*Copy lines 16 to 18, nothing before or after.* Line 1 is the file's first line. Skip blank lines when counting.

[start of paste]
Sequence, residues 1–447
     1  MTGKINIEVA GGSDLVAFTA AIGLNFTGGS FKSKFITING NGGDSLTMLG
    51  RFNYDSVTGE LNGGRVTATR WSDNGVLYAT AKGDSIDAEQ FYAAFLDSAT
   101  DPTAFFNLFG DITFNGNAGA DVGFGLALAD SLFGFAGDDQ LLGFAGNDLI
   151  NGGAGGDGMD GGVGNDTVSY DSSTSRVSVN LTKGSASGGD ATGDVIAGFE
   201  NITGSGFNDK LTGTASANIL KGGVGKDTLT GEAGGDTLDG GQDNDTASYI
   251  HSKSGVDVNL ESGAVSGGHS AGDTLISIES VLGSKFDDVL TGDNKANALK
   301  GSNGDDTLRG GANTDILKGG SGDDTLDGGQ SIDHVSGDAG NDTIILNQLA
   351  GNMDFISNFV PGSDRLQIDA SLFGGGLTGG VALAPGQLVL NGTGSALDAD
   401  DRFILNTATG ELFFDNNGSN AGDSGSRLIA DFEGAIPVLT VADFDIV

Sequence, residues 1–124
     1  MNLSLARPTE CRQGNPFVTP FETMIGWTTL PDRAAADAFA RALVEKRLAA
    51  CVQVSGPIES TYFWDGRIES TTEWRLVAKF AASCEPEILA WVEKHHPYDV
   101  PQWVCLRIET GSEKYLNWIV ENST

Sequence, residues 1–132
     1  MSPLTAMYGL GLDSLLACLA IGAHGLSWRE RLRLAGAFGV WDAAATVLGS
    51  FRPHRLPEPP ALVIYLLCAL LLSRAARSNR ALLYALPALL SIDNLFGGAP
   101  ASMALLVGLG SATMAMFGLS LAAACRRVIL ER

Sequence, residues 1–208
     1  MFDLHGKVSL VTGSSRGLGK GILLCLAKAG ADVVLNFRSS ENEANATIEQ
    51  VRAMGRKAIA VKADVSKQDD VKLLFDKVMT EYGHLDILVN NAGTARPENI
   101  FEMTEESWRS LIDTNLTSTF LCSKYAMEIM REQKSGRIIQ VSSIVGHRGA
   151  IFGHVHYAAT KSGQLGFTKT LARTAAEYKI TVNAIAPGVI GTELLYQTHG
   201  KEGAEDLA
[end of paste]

     1  MSPLTAMYGL GLDSLLACLA IGAHGLSWRE RLRLAGAFGV WDAAATVLGS
    51  FRPHRLPEPP ALVIYLLCAL LLSRAARSNR ALLYALPALL SIDNLFGGAP
   101  ASMALLVGLG SATMAMFGLS LAAACRRVIL ER